• 1843 November 4, Benjamin Ridge, “Preface”, in Glossology: Or The Additional Means of Diagnosis of Disease to be Derived From Indications and Appearances of the Tongue. Read before the Senior Physical Society of Guy’s Hospital, 4th November, 1843, London: John Churchill, Princes Street, Soho, published 1844, OCLC 11255261, pages 8–9:
      To those who doubt the value of a well-defined system of Glossology I would say—let them account for the different appearances of the tongue in scarlet-fever and measles: why in the former it is red, and in the latter limaceous, or white; []
    • 1844 April 24, “New Medical Works”, in Jerome V[an] C[roninsfield] Smith, editor, The Boston Medical and Surgical Journal, volume XXX, number 12, Boston, Mass.: D. Clapp, Jr. proprietor and publisher, corner of Washington and Franklin Streets, OCLC 224453696, page 248:
      He [Benjamin Ridge] professes to have reduced the examination of the tongue for purposes of diagnosis to a system. [] [H]e describes the dyspeptic, febrile, inflammatory, cerebral, rheumatic, pulmonary and cardiac tongue, &c., and he argues that the nature and seat of diseases may be detected and discriminated by cultivating this new science of glossology, even when neither the other physical or rational signs are suffcient for a true diagnosis.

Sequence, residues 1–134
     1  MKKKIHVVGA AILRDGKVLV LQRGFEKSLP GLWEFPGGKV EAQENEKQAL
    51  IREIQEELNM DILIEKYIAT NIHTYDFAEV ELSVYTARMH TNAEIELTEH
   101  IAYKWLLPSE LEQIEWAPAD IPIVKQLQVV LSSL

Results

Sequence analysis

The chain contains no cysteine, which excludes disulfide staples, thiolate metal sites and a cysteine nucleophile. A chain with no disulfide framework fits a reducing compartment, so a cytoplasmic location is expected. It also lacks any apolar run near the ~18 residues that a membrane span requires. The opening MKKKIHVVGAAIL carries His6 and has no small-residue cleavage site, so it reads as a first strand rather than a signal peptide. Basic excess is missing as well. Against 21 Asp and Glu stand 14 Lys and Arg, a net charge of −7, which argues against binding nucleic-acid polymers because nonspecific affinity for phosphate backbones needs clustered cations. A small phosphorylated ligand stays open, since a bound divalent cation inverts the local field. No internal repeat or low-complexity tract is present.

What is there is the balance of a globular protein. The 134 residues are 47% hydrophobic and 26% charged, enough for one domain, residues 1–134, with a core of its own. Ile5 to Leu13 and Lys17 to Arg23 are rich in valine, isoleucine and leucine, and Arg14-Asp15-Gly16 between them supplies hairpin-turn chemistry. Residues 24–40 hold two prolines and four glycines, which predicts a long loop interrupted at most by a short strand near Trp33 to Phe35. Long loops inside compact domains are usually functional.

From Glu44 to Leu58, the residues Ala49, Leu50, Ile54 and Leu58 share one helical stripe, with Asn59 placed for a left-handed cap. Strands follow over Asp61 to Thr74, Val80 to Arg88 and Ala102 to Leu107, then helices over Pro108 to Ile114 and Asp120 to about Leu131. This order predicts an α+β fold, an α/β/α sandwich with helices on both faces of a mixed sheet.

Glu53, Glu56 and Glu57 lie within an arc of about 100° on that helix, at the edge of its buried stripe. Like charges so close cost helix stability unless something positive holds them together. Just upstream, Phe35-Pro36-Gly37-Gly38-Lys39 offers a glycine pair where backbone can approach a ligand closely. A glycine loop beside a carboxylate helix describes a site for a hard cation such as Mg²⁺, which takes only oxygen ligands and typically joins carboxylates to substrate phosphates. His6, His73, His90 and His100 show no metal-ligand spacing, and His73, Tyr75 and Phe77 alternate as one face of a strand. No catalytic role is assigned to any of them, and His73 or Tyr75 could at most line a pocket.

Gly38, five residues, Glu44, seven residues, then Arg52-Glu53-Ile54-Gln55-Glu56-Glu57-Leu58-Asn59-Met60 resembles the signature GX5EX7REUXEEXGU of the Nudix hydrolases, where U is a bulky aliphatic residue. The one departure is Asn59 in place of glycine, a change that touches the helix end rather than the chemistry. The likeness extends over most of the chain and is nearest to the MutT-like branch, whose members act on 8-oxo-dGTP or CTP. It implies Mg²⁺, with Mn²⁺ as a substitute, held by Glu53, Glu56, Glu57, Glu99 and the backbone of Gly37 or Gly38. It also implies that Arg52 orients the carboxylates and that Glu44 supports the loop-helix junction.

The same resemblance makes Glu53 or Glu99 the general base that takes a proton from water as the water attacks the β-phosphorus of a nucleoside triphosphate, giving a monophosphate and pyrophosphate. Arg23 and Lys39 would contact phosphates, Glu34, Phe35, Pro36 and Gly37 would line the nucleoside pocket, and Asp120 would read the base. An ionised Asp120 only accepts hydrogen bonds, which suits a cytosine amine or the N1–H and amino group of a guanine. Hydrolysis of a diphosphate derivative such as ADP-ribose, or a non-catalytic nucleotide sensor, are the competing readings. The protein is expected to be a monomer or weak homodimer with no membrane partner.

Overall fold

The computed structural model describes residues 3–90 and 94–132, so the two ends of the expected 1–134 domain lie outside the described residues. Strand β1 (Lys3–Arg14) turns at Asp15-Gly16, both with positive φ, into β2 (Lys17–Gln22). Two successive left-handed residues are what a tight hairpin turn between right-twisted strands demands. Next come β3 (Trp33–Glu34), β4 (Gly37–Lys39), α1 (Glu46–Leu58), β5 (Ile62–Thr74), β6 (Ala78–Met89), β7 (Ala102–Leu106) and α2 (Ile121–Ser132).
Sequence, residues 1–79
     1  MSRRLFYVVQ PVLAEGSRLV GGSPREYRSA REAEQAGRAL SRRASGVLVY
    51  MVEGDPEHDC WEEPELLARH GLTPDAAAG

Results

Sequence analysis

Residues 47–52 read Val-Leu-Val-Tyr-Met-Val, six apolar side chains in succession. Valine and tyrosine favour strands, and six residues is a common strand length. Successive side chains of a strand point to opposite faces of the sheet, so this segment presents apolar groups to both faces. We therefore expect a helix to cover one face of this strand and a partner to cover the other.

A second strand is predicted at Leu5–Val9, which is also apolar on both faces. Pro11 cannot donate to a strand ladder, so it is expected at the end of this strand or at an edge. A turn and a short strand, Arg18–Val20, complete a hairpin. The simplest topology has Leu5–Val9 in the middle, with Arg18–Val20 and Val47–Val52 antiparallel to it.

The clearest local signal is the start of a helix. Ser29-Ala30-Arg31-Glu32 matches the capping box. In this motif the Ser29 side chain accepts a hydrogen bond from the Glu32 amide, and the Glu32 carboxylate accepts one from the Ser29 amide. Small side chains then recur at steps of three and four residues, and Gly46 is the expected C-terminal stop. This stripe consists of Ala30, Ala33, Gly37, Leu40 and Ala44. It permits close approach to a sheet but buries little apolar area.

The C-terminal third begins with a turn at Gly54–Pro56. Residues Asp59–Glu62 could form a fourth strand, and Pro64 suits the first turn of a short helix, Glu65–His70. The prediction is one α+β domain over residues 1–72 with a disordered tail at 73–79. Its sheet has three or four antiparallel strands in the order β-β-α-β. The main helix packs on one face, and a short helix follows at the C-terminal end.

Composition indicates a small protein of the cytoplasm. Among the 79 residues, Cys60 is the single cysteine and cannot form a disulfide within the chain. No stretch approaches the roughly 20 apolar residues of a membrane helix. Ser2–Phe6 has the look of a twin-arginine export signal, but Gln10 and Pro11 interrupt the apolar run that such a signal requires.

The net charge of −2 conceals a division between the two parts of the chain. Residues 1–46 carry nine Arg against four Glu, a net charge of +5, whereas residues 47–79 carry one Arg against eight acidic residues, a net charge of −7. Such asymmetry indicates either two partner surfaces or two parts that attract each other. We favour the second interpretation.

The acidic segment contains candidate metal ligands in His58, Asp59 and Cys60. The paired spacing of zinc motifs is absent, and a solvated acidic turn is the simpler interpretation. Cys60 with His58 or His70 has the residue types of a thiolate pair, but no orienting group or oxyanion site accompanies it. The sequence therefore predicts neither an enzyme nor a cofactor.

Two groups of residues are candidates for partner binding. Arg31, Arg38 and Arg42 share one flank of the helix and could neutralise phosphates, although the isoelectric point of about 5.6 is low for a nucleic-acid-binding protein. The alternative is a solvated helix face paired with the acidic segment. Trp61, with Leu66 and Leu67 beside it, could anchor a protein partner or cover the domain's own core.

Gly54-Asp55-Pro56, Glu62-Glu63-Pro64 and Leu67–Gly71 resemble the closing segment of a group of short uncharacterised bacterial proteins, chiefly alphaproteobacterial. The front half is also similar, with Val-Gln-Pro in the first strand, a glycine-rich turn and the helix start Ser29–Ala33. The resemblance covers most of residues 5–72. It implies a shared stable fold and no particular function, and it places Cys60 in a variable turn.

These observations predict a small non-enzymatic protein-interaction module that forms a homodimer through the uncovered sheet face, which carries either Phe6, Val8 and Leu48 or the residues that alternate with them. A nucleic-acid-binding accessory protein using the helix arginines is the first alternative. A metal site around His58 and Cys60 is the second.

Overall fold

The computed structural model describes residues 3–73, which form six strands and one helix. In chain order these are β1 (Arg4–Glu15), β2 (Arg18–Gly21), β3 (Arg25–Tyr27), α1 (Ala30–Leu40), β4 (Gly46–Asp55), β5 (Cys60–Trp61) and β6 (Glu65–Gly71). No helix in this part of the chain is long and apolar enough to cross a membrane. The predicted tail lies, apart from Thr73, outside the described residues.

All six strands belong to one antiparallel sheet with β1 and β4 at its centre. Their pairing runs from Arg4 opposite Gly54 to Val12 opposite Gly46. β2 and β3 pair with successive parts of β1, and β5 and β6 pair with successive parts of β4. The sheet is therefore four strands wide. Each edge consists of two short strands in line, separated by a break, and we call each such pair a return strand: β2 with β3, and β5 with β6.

• 1863, Norman Macleod, editor, Good Words and Sunday Magazine, volume IV, London: A. Strahan and Co., OCLC 741480505, page 11, column 2:
      Had we, from our public hospitals, numerous photographs of tongues exhibiting a connexion between their unclean phases and the diseases of their possessors, we should have considered Glossology as a valuable element of diagnosis; []
    • 1952, Richard W. Vilter, “Sore Tongue and Sore Mouth”, in Cyril Mitchell MacBryde, editor, Signs and symptoms: Applied Pathologic Physiology and Clinical Interpretation, 2nd edition, Philadelphia, Pa.: J. B. Lippincott Company, OCLC 981341916, page 57:
      With the medical renaissance of the eighteenth and nineteenth centuries, observations on the state of the tongue and the mouth became as important as the taking of the pulse. Indeed, by 1844, glossology had become so important a part of the medical art that a Dr. Benjamin Ridge proposed the fantastic theory that the viscera were represented by definite areas on the tongue and that an abnormality in a viscus was reflected in this predetermined area.
    • 1989, Zelin Chen; Mei-Fang Chen, The Essence and Scientific Background of Tongue Diagnosis [舌診研究], Long Beach, Calif.: Oriental Healing Arts Institute, →ISBN, page 4:
      Moreover, the Classic of Internal Medicine recorded that tongue diagnosis, or glossology, can be used to predict the prognosis of a disease.


Derived terms[edit]

Further reading[edit]